There are of course many other standards apart from measurement standards; for example, standards for food hygiene, standards for industrial products, standards for data protection; the list is endless.

There are only two standard-setting regimes that matter: the European Union and the USA. While China is now a very big and important country, other countries in practice do not follow Chinese standards.

The rest of the world has a simple choice, follow US standards or follow EU standards. The idea of any other country setting its own standards is “for the birds.”

For example, while in the EU the UK was part of one of the world’s two largest markets for medicine, namely the USA and the EU. The EU evaluates and approves medicines, and once it has done so, the supplier has access to the entire EU market.

Post-departure, the UK is no longer part of the EU’s medicines approval system. It plans to carry out its own approvals. The problem is that the UK is a relatively small market and pharmaceutical manufacturers will defer spending money on obtaining UK approval until well after obtaining USA and EU approval.

The UK does of course have one available strategy for ensuring that the latest medicines are available in the UK as soon as they are available in the USA and the EU. That would however require abandoning the concept of independent UK approval, and simply automatically authorising any medicine approved by the EU or any medicine approved by the USA.

This illustrates the more general point above. Once outside the EU, the only real choice the UK faces is whose standards to follow.

Strategic autonomy

Strategic autonomy means being able to do what you want to do, for things that really matter to you, without being dependent upon others.

Strategic autonomy is expensive. For example, France has it in military matters. The cost is designing and building its own aeroplanes, although it seeks to share costs with other European countries. France builds its own nuclear missiles.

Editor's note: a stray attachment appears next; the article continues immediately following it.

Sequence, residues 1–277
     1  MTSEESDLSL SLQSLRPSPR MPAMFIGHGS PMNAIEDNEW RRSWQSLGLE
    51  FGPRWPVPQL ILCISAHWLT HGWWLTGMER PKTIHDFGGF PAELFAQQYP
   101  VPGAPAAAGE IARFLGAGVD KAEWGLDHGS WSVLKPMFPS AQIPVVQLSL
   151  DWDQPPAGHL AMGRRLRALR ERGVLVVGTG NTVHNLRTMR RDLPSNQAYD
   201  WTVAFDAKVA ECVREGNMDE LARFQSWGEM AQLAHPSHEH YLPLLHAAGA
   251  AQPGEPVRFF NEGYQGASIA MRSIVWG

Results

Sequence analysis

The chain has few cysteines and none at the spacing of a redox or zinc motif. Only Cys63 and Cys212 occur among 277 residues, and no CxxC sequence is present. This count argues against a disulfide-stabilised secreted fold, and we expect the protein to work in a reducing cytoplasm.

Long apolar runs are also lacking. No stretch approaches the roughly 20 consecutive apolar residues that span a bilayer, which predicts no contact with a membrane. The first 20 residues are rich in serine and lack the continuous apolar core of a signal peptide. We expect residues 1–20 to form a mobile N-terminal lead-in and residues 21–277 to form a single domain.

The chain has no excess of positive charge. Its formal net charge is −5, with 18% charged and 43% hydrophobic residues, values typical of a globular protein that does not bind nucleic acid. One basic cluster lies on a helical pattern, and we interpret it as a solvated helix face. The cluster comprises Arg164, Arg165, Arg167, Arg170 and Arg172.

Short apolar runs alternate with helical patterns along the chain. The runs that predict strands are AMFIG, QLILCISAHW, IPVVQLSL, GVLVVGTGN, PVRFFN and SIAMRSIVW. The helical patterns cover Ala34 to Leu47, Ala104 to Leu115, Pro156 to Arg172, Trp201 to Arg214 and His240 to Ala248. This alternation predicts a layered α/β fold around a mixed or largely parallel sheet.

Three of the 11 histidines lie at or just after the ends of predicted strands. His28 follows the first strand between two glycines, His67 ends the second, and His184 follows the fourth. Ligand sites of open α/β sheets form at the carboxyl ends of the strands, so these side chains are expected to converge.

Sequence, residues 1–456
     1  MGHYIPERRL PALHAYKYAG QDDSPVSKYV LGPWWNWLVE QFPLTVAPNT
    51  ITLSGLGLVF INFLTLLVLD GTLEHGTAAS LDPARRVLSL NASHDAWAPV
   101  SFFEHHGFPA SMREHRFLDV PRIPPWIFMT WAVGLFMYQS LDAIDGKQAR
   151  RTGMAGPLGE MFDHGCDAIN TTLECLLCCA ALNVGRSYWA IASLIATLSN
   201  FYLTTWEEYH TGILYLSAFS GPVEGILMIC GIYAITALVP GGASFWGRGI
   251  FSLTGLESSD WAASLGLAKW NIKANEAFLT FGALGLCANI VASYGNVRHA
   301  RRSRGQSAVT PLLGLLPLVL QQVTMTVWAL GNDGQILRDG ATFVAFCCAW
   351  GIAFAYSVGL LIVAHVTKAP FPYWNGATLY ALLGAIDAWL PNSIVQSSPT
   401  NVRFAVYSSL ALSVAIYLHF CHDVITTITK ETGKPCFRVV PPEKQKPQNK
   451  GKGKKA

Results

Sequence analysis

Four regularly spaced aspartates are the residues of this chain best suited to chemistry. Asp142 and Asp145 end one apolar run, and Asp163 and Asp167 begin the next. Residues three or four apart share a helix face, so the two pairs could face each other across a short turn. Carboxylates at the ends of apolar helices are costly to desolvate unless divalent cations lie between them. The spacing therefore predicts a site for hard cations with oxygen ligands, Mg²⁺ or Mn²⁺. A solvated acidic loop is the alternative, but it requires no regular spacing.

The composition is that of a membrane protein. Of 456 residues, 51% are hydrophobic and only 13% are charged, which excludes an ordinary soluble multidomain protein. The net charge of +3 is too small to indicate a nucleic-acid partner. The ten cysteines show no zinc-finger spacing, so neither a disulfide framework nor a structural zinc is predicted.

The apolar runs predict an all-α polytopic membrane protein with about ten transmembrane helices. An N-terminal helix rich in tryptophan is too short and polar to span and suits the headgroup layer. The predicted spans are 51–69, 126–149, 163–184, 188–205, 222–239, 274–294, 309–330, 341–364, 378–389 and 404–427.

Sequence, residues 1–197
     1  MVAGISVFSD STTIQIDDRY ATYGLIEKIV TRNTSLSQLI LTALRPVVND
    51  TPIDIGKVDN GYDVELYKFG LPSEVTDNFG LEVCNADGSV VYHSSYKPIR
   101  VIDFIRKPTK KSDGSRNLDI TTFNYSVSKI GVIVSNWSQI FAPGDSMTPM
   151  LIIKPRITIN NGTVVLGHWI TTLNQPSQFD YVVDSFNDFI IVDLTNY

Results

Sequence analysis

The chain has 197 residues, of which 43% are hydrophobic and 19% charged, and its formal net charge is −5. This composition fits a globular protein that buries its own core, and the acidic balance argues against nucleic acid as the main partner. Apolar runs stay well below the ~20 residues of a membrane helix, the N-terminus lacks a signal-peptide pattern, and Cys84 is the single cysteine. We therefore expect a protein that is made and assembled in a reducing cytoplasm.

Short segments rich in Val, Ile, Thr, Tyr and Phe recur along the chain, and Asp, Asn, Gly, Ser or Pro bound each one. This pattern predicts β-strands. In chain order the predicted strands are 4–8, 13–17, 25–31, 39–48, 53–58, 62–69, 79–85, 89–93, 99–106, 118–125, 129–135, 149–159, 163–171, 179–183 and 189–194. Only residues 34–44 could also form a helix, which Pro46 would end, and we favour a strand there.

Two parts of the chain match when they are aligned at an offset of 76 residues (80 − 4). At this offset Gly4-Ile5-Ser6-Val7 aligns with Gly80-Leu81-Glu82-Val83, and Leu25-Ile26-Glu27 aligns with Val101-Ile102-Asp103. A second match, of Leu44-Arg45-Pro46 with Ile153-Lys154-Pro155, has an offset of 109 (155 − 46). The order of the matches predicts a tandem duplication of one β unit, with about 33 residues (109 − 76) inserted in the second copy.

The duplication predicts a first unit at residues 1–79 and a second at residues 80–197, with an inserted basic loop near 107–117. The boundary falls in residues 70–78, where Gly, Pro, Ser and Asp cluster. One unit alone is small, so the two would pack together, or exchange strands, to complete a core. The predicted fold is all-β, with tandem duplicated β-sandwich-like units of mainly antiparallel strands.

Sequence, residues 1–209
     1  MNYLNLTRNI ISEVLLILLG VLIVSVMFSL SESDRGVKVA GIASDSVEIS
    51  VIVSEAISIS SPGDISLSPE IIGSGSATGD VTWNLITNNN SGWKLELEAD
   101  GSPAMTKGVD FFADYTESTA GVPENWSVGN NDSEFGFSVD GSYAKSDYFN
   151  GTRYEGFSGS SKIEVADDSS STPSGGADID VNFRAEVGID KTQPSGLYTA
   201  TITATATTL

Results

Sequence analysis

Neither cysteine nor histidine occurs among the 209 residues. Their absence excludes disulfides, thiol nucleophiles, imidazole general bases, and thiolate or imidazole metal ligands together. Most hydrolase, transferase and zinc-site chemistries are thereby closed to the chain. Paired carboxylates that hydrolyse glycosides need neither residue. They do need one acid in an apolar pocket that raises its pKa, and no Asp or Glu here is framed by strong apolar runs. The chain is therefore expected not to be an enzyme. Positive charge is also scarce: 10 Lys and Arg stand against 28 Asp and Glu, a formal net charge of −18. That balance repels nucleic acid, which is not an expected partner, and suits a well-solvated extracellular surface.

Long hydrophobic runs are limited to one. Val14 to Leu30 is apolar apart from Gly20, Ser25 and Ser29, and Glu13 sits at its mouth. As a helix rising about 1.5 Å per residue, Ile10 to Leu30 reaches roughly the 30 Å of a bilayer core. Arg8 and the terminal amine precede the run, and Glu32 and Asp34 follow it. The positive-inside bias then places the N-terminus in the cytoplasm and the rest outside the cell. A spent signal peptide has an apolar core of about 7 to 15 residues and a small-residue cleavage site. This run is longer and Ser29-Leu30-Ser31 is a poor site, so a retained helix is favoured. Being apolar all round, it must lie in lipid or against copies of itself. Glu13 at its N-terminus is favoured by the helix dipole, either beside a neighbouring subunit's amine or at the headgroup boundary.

The UK abandoned military autonomy many decades ago, in the early 1960’s, when Harold Macmillan entered into a deal with the USA to buy Polaris missiles, later replaced by American Trident missiles. The UK has a policy of dependence on the USA combined with some areas where it seeks to preserve a small measure of autonomy.

One of the great challenges facing the member states of the EU is strategic autonomy. They recognise that individually, each of them is too small. However, strategic autonomy for the EU as a whole is something that is increasingly at the forefront of EU debate.

In some areas, the EU has successfully accomplished this.

It was the Americans who invented satellite navigation with the Global Positioning System. That was created for military purposes, to enable US aeroplanes and missiles to be more effective. Initially, the signal made available to civilians was much less accurate than the encrypted signal used by the US military. From the very beginning, the USA has always had the ability to switch off all access to GPS apart from the access of its own armed forces.

Recognising the impact on its strategic autonomy, many years ago the EU chose to build its own independent satellite navigation system, Galileo. Full access to Galileo, equivalent to the US military access to GPS, is entirely at the gift of the EU and reserved for its member states, even though in normal times civilians anywhere in the world are able to access the Galileo signal.